Of course, another question then arises, and that is: what is Allah's satisfaction? Allah is not a locus of events such that He could be dissatisfied with someone, and later become satisfied, or be satisfied with someone and then become dissatisfied. Inevitably the answer comes that the expressions `satisfaction' and 'dissatisfaction' are also figurative expressions, the object of works for Divine mercy and favor which come in the form of obedience and devotion and nothing else.

So what is this mercy and favor? Here there are different reasoning’s. Some divide mercies and favors generally into spiritual and material. Spiritual blessings, for example, wisdom and the joy acquired through it, and material blessings1, for example, the Garden of Paradise, the maidens and palaces (of Paradise).

Others, even though they acknowledge spiritual mercies, also reject them, and confine the favors and positions of men in nearness to Allah to the Garden, the physical paradises, the maidens and palaces, apples and pears." The result of the argument of the latter group is that the meaning of `the friends (wali) of Allah' becoming closer to the Being of Oneness is that he has the right to more maidens, palaces, apples, pears, garden and orchard than another person.

The meaning of what the deniers of true nearness say is that, the result of devotion and worship is not that there is a difference in the relation of Allah to His slave (as the supporters of real nearness also acknowledge in this matter), and not that there is a difference in the relation of the slave to Allah. From the point of view of nearness and distance the foremost individuals of the human world, the Prophet, and the most wretched of them, such as Pharaoh or Abu Jahl2 are equal.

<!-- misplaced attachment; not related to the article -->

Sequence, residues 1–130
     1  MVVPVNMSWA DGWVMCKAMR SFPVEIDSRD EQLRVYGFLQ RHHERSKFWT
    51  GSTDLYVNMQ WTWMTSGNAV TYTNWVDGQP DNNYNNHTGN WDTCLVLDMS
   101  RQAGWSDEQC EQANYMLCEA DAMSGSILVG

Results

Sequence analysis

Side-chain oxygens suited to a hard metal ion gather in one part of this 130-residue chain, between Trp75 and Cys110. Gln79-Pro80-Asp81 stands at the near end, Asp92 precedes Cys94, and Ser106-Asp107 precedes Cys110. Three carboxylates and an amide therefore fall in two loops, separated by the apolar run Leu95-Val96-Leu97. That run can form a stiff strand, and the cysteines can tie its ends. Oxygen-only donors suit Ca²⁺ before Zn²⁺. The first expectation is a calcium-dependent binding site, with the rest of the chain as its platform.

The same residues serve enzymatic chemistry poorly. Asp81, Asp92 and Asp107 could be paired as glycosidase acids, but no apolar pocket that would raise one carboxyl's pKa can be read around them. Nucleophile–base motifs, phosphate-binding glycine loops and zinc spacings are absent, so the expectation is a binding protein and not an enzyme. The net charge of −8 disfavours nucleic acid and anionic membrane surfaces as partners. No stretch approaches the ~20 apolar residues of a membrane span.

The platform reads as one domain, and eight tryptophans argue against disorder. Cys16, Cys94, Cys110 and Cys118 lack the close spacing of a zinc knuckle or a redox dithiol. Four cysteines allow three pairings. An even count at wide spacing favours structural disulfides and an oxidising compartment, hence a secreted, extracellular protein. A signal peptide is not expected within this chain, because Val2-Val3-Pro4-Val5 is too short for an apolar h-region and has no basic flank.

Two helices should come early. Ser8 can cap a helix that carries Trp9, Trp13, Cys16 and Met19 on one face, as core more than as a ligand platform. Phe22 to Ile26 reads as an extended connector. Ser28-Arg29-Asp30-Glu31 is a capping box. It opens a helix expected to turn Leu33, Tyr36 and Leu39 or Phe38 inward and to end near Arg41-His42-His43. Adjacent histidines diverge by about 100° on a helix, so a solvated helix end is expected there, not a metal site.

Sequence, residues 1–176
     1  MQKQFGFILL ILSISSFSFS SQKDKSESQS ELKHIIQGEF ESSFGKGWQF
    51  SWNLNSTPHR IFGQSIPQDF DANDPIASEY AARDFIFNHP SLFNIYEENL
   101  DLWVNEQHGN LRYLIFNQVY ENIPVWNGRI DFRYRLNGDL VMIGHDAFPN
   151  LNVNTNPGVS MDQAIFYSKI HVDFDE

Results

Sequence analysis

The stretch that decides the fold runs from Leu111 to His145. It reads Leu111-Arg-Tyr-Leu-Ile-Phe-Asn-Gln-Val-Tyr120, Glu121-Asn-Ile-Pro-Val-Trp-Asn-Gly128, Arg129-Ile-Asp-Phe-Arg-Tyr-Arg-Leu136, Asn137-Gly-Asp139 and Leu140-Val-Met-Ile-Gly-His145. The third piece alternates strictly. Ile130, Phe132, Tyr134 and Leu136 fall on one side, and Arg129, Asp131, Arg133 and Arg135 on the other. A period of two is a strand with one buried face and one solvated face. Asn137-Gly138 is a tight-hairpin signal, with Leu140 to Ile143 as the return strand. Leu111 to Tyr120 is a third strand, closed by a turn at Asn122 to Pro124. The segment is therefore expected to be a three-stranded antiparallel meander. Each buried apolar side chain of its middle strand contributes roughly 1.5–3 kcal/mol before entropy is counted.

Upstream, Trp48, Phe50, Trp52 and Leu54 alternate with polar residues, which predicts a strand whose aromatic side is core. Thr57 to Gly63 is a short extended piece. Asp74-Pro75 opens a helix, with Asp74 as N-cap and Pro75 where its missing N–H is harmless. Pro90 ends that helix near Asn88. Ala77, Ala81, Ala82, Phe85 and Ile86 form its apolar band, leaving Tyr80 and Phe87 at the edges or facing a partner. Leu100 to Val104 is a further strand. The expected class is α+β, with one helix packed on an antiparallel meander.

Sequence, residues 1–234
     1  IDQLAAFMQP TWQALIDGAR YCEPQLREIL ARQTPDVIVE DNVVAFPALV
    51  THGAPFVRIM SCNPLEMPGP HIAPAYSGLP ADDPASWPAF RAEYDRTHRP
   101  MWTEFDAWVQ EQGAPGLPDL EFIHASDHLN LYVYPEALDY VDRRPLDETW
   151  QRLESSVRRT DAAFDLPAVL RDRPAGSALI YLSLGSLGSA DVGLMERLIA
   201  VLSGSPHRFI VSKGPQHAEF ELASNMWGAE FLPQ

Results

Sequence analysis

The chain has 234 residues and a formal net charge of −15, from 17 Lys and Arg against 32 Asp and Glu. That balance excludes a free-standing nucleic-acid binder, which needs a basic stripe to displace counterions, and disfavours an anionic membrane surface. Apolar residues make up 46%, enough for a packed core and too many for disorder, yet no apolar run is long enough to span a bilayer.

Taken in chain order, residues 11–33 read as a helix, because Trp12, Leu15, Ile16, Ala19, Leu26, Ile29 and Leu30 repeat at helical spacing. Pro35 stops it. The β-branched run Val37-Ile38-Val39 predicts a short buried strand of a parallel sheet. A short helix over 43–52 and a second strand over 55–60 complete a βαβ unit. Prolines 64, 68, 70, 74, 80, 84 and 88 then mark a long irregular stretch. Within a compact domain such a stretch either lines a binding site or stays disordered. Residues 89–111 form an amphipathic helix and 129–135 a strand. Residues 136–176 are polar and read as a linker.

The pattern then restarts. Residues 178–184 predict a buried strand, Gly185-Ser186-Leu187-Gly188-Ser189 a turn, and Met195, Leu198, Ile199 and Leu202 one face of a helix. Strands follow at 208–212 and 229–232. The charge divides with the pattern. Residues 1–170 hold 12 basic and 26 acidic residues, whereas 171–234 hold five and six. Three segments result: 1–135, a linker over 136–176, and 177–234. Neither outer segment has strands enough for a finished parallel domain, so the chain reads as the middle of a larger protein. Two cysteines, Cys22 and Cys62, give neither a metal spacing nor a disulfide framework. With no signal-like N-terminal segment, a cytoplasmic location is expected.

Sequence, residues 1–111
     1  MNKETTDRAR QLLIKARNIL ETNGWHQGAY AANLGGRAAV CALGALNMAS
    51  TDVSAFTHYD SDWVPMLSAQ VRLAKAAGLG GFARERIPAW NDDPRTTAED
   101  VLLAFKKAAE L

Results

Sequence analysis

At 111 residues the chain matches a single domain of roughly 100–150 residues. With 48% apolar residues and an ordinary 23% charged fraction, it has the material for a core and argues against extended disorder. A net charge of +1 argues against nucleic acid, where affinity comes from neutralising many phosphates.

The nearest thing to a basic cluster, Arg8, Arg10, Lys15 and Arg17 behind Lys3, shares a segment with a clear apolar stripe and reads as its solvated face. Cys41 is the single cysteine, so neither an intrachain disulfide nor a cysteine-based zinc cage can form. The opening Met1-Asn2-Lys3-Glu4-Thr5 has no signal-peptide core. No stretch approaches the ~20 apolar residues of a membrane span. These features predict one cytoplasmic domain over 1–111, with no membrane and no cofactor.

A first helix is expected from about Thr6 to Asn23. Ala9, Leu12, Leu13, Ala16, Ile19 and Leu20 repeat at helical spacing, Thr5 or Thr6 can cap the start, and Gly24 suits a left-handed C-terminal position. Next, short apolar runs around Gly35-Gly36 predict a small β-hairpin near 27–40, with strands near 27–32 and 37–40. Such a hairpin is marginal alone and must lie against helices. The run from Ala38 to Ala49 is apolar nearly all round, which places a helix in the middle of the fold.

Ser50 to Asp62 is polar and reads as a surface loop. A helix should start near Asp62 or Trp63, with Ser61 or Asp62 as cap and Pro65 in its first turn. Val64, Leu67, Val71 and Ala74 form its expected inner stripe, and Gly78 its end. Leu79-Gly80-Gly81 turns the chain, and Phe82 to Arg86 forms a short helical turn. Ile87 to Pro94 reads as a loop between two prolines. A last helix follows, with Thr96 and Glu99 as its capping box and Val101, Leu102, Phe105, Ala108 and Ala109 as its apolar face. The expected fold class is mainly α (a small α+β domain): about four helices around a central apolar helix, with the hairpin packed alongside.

The truth of the matter is that this confusion originates from a kind of materialistic thinking about Allah and man, especially about man. Someone who only knows man as a heap of water and clay, and does not wish to acknowledge the fundamental;

فَإِذَا سَوَّيْتُهُ وَنَفَخْتُ فِيهِ مِنْ رُوحِي

So when I have made him complete and breathed into him of My spirit,” (15:29)

And does not even want to consign a figurative meaning to this expression, has no remedy against the denial of real nearness to al-Haqq.

But what need is there for us to suppose that man is so lowly and mundane that we are forced to give everything an allegorical explanation and justification? Allah is pure perfection and infiniteness, and from the point of view of reality existence is the same as perfection, and every true perfection returns back to the reality of existence which is true reality, as with knowledge, power, life, will, mercy, goodness, and more.